The feast of the Ascension of our Lord is part of the Easter mystery. First is the Resurrection in which Jesus conquers death for us and reveals that life for us will never end. What good news this is!

Then there is the Ascension in which Jesus is taken up into heaven to sit at the Father’s right hand. This too is good news.

And finally, Pentecost in which God pours forth his Spirit upon the church and all humankind. Thus, the church was born and has continued to proclaim the good news for 2000 years.

All three experiences are intertwined; they reveal different aspects or facets of the same reality. The scriptures and the Church’s liturgy separate them over 50 days to afford us the opportunity to reflect on each aspect of the Easter mystery.

Let us look at today’s feast—the Ascension.

The beginning of the Acts of the Apostle (first reading), written by the same author as Luke’s gospel, describes the experience. First he talks about the resurrection, that Jesus presented himself alive to the disciples after his crucifixion, and appeared to them during forty days and spoke to them about the kingdom of God.

He enjoined them not to leave Jerusalem, but to wait for “the promise of the Father.” “John baptized with water,” he said, but “in a few days you will be baptized with the Holy Spirit.” He, of course, was referring to Pentecost.

The disciples asked, “Are you going to restore the kingdom to Israel now?   Jesus told them that was not for them to know – only the Father, but then he said, “you will receive power when the Holy Spirit comes upon you

AND YOU WILL BE MY WITNESSES in Jerusalem, and to the ends of the earth.

Then Jesus was lifted up; a cloud took him from their sight.

They stood there, awestruck, spellbound.

Then two men dressed in white garments stood beside them and said,

“Men of Galilee, why are standing there looking at the sky?

This Jesus who has been taken up from you into heaven will return in the same way as you have seen him going into heaven.”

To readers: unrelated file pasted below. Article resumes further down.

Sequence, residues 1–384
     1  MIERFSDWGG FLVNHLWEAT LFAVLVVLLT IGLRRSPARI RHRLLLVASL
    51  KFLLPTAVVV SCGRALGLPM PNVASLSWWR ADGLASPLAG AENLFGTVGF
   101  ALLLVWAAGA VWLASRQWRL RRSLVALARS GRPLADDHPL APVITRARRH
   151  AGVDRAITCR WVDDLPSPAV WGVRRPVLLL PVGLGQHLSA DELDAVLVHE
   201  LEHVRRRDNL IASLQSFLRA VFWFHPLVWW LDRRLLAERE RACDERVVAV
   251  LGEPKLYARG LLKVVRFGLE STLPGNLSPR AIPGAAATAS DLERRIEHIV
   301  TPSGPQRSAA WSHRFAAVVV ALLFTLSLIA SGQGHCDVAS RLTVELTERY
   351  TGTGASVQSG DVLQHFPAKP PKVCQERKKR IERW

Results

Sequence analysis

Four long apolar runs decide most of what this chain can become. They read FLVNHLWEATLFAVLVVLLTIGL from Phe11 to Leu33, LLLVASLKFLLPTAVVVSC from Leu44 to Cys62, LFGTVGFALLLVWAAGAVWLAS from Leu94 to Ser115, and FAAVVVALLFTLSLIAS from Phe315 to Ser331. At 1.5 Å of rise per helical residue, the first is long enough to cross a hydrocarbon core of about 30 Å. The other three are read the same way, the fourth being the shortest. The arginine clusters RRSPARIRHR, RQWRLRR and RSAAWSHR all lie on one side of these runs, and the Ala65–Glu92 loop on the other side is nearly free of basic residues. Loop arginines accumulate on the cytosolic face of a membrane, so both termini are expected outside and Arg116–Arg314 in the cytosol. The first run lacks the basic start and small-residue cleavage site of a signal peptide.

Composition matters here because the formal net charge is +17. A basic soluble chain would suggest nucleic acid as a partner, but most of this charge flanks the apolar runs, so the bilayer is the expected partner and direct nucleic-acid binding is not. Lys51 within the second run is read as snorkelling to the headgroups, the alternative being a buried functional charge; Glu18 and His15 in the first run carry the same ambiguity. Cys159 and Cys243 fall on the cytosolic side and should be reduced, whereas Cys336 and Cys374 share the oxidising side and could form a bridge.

Thus, the feast of Ascension is about heaven and about earth.

Jesus is taken into heaven; that is, he returns to his Father where he sits at the Father’s right hand, the place of honor.

Ephesians states that God the Father “put all things beneath Christ’s feet and gave him as head over all things to the church, which is his body, the fullness of the one who fills all things in every way.” (1:23)

Thus, there is a cosmic dimension to Christology.   That, in a way, is what the feast of Ascension celebrates.   The great mystic and theologian Father Teilhard de Chardin talked about “Christogenesis.” He saw the entire universe evolving by the power of Christ’s all-embracing love toward an Omega Point—toward Christ himself.

When Chardin was far away from bread or wine and could not celebrate Mass, he talked fervently and passionately about the “Mass on the World” as if the whole planet was the body of Christ.

So today we think about Jesus as Lord of the universe, and we also pray that people on earth would somehow find ways to stop the violence and inhumanity toward each other, to stop destroying this planet and each other.

Thus, the feast of Ascension is also about earth. The angels ask the disciples:

“Why are you standing there looking up in the sky?” You have work to do!

“YOU MUST BE MY WITNESSES in Jerusalem, throughout Judea and Samaria and to the ends of the earth.”

A witness is one who knows with one’s own eyes and ears what has taken place. A witness is one who has filtered through their own senses, and sheltered in their own mind and heart, what their account of the truth is.

I consider myself a witness to the resurrection. I have had enough experiences of risen life, of Jesus, of mystical experience that I am convinced that Jesus is real, that he lives and reigns, that he empowers us through his Spirit. Throughout my life I have found myself at times immersed in the mystery of God, Father, Son and Holy Spirit.

I know Christ’s resurrection and ascension also because Jesus has allowed me the privilege to share his life with others. I’m aware that others have deepened and enriched their faith as the Holy Spirit worked through me.

And if you think about it, I am sure you will find that others have come to Jesus through your word and example. You, too, are witnesses of the Resurrection.

And here is a mystery—the suffering, death and resurrection and ascension of Jesus—a mystery   about how the faith is shared with us that has its origin in God—a wonderful mystery that I call you to participate in. And if you know that mystery already, then I call us to rejoice in it on this feast day.

So Jesus, gone to heaven, gives authority to his apostles and disciples on earth. And WE are his witnesses!

Brothers and sisters, we have work to do. We are put on notice in the scriptures of today’s feast. Next Sunday we will attend to the third aspect of the Easter mystery, Pentecost, the outpouring of God’s Holy Spirit upon all humankind.

Let us pray that the Holy Spirit be poured out on each of us, upon our nation, and on all humankind.

Now, before you go, here’s the great psalm for the day “God mounts his throne with shouts of Joy” with a slide show. Click here.

And here are today’s Mass readings: Click here.

With love, 

Bob Traupman

contemplative writer